DFID: Responsible agricultural investment right for Sierra Leone

By Ahmed Sahid Nasralla (De Monk)

Robert Stansfield: land deals should not be ‘land grabs’

The United Kingdom’s Department for International Development’s Economic Growth Team Leader in Sierra Leone, Bobby Stansfield, has said responsible agricultural investment is an important focus of UK Aid to promote trade, investment and private sector development and, it is right for the small West African country.
“This is an area that the UK Government believes passionately about. Responsible agricultural investment is right for the environment, it is right for business and the economy, it is right for communities- especially women, and it is right for Sierra Leone,” said Stansfield.
Stansfield was delivering a statement on Tuesday at a one-day workshop on the Implementation of the National Land Policy in the context of Responsible Agricultural Investments organized by Solidaridad at the Golden Tulip Hotel, Aberdeen, Freetown, on Tuesday 26th February, 2019.

Solidaridad, a not-for-profit organization working around the world to promote good agricultural investment practices, is implementing the UK Aid-funded LEGEND (Land: Enhancing Governance for Economic Development) project in Makpele Chiefdom, Pujehun District, South of Sierra Leone. The Country Representative of Solidaridad, Nicholas Jengre, noted that the open talk model used to restore “peace and unity in Makpele Chiefdom through the reduction in the land leasing agreement by Natural Habitats Sierra Leone should be replicated in other hot spots in Sierra Leone”.
The LEGEND programme has helped 500,000 people in Sierra Leone by mapping and documenting their land rights and a further 62,000 people through their legal empowerment.
Around the world, the UK Aid has helped more than 6.1m people, including 3 million women, to improve their land and property rights since 2011.
But to deliver sustained benefits, noted Stansfield, agricultural investments have to respect existing tenure rights and work with the national and local authorities and traditional leaders.
“We need to work with affected communities to negotiate mutually beneficial land deals that genuinely offer win wins for communities, individual farmers and investors,” he said.
The UK was actively involved in negotiating and implementing the Voluntary Guidelines on the Government of Tenure (VGGT) and endorsed them in 2012. And since then, UK Aid has proudly supported the FAO’s global programme to implement VGGT.
“Moreover, to create decent jobs and raise incomes for rural communities,” continued Stansfield, “we need a lot more investment into agricultural value chains. The costs and consequences of getting this wrong are increasingly clear, with land disputes inflating per hectare operating costs by between 50 and 80%.”
Stansfield made reference to His Excellency President Julius Maada Bio’s emphasis on the creation of an enabling environment for investors and agricultural diversification, describing it as vital for Sierra Leone.
However, he cautioned that in creating such a system it is crucial that the poorest are protected.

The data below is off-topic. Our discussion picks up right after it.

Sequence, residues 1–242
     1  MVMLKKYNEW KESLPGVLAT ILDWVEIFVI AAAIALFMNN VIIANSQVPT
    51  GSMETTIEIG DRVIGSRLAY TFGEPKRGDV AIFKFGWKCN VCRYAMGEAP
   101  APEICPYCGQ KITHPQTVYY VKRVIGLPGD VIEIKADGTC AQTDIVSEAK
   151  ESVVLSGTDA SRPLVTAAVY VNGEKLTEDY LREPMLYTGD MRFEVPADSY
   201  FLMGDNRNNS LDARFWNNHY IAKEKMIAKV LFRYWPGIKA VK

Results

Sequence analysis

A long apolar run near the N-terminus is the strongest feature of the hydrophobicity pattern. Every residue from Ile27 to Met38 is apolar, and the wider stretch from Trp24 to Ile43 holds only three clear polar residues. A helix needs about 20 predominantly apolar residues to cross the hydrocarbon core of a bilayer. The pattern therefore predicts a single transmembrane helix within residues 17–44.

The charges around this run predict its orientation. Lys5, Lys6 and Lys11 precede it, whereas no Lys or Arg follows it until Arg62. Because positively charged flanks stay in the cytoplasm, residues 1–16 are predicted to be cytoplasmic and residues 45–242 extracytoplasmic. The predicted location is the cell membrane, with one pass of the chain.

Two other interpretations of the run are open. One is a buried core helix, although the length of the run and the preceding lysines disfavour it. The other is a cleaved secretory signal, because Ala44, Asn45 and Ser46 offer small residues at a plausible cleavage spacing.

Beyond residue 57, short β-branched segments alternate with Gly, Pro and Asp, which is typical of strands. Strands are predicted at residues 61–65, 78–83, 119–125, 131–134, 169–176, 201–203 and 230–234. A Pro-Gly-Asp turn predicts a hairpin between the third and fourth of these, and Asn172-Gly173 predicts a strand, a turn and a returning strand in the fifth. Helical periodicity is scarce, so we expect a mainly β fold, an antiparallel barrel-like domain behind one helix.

“The cost to communities and individual farmers is significant when investments ignore their tenure rights and block access to or damage essential natural resources. It affects the livelihoods, food security and even their very survival,” said Stansfield, adding that this cannot be allowed to happen in Sierra Leone, where customary tenure systems are a sensitive issue in rural areas.
Given these risks, DFID stresses the importance of regulating land deals, including through the Responsible Agricultural Investments principles which Solidaridad has successfully implemented in Makpele chiefdom, foiling potential conflict between community land owners and Natural Habitats Sierra Leone.
In this vein, according to Stansfield, UK Aid has been supporting a wide range of global initiatives promoting responsible investment in land including: providing guidance to help companies understand the VGGT and apply them in practice; making the case to companies and investors that successful projects need both a legal license to operate from government and a social license from communities, and helping communities to understand their rights and building their capacity to negotiate good deals.
In Sierra Leone, UK Aid is directly investing in responsible agriculture to ensure business can expand to create more jobs and raise incomes for poor people.
The Department is supporting AgDevCo with up to £7m and their new private sector development programme, Invest Salone, will also be looking for opportunities to help businesses grow, sell and export.
So while they work closely with companies and communities, Stansfield noted that the Government clearly also has a critical role to play. He said they are aware that there are many different actors in Sierra Leone working on responsible investment and sometimes there is overlap and insufficient coordination between these efforts.
“That’s why we’re delighted that FAO’s global programme is also considering how to support investment approval processes and work with relevant government projects and ensuring these comply with national regulations,” he said.
The Solidaridad workshop brought together all stakeholders- land owning families/land owners, Paramount Chiefs and other local authorities, Government of Sierra Leone, the private sector, CSOs, women groups, youth groups, donors and the media to share lessons and experiences from their involvement in agricultural investments in the country and charting the way forward to responsible land based investments.